Randle establishes himself as constant for inconsistent Cats

By David Schuh | Basketball columnist

dschuh@kykernel.com

UK will have many buy viagra tablet games this year like the one they opened their season with Friday night.

They played a sluggish first half, sprinkled with 14 missed free throws and a wildly inconsistent defensive effort.

And then they won by 32. Get used to it.

UK’s first win of the season was impressive for as many reasons as it was mediocre.

UNC-Asheville did to UK what many others will: they fouled. The Bulldogs committed 19 fouls in the first half, seemingly hitting any UK player as soon as he entered the paint.

The Cats subsequently took 31 free throws in the opening 20 minutes, missing enough in that time to make it blatantly obvious they struggle in the category.

But, in a trend that will repeat itself weekly, UK found its consistency in the relentless motor of freshman forward Julius Randle.

Randle finished with 23 points and 15 rebounds in 26 minutes.

He makes his position look so easy, simply because he plays it harder than any 6-foot-9-inch, 250-pound forward in the country. His first double-double of the year, in his first collegiate game, is the standard that he will attempt to live up to as the next four months unfold.

Fifteen rebounds are the second most ever for a UK player in his college debut. How did Randle respond to that stat?

“I feel like I left a lot of balls out there I should have got.”

Randle had considerable help from a guy many thought to be a second-stringer. Sophomore forward Alex Poythress matched his double-double total from last season Friday, totaling 10 points and a career-high 13 rebounds.

Those two, together with a stat-stuffing night from sophomore forward Willie Cauley-Stein and a surprising 17 points in 15 minutes from freshman forward Marcus Lee, made up for a game of noticeable sloppiness from UK.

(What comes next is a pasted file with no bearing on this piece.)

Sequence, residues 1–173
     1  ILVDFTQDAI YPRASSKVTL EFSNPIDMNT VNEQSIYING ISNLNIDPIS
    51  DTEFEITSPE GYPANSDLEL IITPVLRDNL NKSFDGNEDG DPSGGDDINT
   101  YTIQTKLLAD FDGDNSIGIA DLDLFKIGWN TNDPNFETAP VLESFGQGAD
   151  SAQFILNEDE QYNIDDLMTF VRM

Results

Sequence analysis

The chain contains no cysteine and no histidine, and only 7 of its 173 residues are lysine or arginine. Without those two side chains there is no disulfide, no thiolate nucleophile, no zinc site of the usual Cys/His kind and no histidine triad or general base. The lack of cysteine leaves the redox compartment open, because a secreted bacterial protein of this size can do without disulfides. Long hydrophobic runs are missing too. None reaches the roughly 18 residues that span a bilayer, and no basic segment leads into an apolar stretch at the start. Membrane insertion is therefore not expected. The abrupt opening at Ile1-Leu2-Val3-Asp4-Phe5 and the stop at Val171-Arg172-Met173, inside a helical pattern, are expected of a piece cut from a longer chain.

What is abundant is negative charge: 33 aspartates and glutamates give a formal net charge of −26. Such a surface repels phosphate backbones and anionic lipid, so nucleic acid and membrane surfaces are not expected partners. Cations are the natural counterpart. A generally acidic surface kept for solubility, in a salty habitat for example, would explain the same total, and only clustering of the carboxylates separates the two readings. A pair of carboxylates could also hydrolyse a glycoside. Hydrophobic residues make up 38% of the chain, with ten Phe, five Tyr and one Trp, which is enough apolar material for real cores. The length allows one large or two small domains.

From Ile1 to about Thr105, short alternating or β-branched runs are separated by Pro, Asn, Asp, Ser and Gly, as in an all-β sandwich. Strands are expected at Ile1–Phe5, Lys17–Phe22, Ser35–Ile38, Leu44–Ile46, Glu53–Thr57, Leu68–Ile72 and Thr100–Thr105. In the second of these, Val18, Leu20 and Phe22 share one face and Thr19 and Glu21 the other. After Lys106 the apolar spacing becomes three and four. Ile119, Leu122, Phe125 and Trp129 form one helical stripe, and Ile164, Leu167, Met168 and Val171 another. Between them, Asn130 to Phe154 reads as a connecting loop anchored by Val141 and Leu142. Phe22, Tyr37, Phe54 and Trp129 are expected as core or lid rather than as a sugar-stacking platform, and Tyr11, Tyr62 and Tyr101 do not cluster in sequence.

They shot 63 percent from the free throw line for the game, and with 48 attempts, that’s fairly indicative of their true quality in that category.

“My three guards went 12-21,” UK head coach John Calipari said. “How do I get you the ball late in the game?”

UNC-Asheville didn’t do anything spectacular on the stat sheet. It’s hard to see on paper where UK didn’t completely dominate the game.

But it was the slow start for the Cats that made for a predictably haphazard game for a young team.

They made mistakes freshmen are expected to make. But they also impressed in the way people expected them to.

Simply put, they are talented enough to win comfortably amidst their mistakes.

That’s a good trait to have, but there’s one problem: they play the No. 2 team in the country in four days.

The Cats will have many games like Friday night. They’ll blow teams out when they look like they should lose.

But Tuesday night, when Michigan State University trots out of the opposing tunnel, those blunders won’t be so easy to overcome.